Conservatory & Orangery Underfloor Heating
The problem with the British weather is that it seems that for 9 months of the year we get grey skies & rain, and if you want to live comfortably in your conservatory from October to April, for example, you may need some form of underfloor heating to make the room ‘liveable’ – but is this an unnecessary additional bill to add to the overall conservatory or orangery cost (How Much Would an Average Size Orangery Cost?).
If you think about it, during the winter, even the most energy efficient glass conservatories will get quite cold if there is no heating, you may even start to get problems with damp & condensation of you are keeping the room closed up & empty during the winter.
Free standing electric heaters may be a solution but the consume huge amounts of electricity if you run them for any length of time, adding a radiator run from your existing home heating system can be expensive and require some ‘holes’ to be made, so why not take a look at underfloor heating.
Underfloor heating is not a modern concept as it was actually used as far back as 5000 BC and also the Romans built floors with spaces underneath to circulate hot air from fires built in a separate area. (see Wikipedia)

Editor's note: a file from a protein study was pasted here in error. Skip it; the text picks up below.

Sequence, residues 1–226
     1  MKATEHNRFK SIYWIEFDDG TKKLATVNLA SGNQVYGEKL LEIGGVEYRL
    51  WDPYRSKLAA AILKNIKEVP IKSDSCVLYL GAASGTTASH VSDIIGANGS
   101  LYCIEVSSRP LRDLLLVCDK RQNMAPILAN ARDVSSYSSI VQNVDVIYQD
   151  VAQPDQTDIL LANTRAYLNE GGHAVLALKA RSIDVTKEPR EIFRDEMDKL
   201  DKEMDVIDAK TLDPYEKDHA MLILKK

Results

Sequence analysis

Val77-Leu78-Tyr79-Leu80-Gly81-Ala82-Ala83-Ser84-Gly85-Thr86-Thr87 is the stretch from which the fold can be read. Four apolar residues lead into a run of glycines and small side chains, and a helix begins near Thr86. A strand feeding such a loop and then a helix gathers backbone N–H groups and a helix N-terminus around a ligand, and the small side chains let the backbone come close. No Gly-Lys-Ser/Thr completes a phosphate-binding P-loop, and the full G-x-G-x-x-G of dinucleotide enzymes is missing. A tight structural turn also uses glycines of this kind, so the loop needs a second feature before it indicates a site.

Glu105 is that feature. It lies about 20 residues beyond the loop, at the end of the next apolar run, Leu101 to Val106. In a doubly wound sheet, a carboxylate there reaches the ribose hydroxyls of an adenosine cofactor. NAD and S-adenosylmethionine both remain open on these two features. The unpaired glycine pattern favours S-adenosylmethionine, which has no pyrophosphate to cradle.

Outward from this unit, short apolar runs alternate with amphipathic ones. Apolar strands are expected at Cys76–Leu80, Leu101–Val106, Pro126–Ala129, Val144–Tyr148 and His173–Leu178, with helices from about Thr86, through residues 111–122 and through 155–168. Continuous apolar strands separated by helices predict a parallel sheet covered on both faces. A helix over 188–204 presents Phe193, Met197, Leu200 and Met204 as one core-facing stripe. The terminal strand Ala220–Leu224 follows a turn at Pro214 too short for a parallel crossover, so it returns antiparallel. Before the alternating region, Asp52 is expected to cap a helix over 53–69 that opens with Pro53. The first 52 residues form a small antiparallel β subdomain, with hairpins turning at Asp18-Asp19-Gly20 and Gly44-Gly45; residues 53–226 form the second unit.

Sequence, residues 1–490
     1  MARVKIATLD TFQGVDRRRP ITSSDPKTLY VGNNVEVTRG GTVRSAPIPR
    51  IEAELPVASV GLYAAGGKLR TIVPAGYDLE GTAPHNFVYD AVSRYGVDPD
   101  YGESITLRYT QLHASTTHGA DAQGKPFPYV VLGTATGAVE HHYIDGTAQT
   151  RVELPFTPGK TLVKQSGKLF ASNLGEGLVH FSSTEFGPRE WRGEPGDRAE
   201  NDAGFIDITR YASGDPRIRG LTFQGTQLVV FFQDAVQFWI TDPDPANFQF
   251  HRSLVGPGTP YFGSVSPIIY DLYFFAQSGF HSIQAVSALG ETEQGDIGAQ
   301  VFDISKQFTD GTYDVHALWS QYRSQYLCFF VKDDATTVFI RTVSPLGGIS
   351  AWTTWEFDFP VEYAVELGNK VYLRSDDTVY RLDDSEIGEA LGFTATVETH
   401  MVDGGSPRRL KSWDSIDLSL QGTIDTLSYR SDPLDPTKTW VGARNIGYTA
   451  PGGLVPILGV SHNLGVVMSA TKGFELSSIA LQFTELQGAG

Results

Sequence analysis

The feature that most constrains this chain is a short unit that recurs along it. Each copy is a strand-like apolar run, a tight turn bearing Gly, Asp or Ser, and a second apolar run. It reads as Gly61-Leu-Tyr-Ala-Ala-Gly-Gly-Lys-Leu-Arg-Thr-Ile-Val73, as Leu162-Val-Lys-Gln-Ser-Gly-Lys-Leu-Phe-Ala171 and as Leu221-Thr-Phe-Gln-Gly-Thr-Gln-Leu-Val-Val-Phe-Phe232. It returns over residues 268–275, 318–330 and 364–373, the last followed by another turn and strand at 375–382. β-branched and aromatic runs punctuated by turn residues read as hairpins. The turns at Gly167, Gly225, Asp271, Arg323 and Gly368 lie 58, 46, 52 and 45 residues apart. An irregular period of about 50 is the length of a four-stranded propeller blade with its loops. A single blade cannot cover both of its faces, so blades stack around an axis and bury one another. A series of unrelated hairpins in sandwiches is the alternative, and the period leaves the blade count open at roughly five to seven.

Available in 2 versions, both of which can be installed during construction or fitted afterwards.
- “Wet” using hot water pumped around a set of piping
- “Dry” basically and electrical heating system.
Wet systems use more space than electrical ones (the pipes are thicker than wiring) so if you retro-fit a wet system be aware that you could lose a small amount of headroom.
With the very latest systems you will be getting one of the most energy efficient methods of heating your new conservatory and also the single best way to keep the temperature of the room even, without hot or ‘cold spots’ because the heat rises evenly across the entire floor area not just around a radiator.
Benefits of underfloor heating
- Potential to save between 10% – 30% on current heating cost
- Can be retro-fitted to exiting conservatory
- The room is heated evenly – no hot or cold spots
- Compatible with tiled, carpeted, wooden or vinyl flooring*
- No need for radiators so it allows more of the room to be used
- No “dust traps” – no cleaning (or painting) behind radiators
(*Some vinyl or synthetic wood floor coverings will have a limit on the maximum temperature that they can be exposed too – check with the manufacturer for suitability.)
Research suggests that people find the most comfortable range of temperature for an indoor floor is around 19-29°C with an air heat of 20-24°C – using radiators means that you get a big difference in air & floor temperature or in other words “hot head & cold feet”.
You can find out a ot more about Orangeries & Conservatories on this website: https://www.orangerycosts.co.uk/